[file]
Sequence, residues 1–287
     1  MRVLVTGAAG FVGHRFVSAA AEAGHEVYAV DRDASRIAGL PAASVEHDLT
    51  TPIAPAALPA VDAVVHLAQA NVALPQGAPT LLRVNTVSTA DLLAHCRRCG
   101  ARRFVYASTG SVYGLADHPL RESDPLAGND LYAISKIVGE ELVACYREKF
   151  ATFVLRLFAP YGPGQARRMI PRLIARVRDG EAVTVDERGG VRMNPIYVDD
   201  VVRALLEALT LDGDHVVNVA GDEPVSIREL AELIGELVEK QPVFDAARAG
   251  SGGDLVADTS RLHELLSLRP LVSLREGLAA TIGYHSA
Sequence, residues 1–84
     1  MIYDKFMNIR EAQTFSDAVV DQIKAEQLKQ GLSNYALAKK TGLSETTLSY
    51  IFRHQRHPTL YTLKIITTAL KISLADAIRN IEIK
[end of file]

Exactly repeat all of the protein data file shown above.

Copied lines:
Sequence, residues 1–287
     1  MRVLVTGAAG FVGHRFVSAA AEAGHEVYAV DRDASRIAGL PAASVEHDLT
    51  TPIAPAALPA VDAVVHLAQA NVALPQGAPT LLRVNTVSTA DLLAHCRRCG
   101  ARRFVYASTG SVYGLADHPL RESDPLAGND LYAISKIVGE ELVACYREKF
   151  ATFVLRLFAP YGPGQARRMI PRLIARVRDG EAVTVDERGG VRMNPIYVDD
   201  VVRALLEALT LDGDHVVNVA GDEPVSIREL AELIGELVEK QPVFDAARAG
   251  SGGDLVADTS RLHELLSLRP LVSLREGLAA TIGYHSA
Sequence, residues 1–84
     1  MIYDKFMNIR EAQTFSDAVV DQIKAEQLKQ GLSNYALAKK TGLSETTLSY
    51  IFRHQRHPTL YTLKIITTAL KISLADAIRN IEIK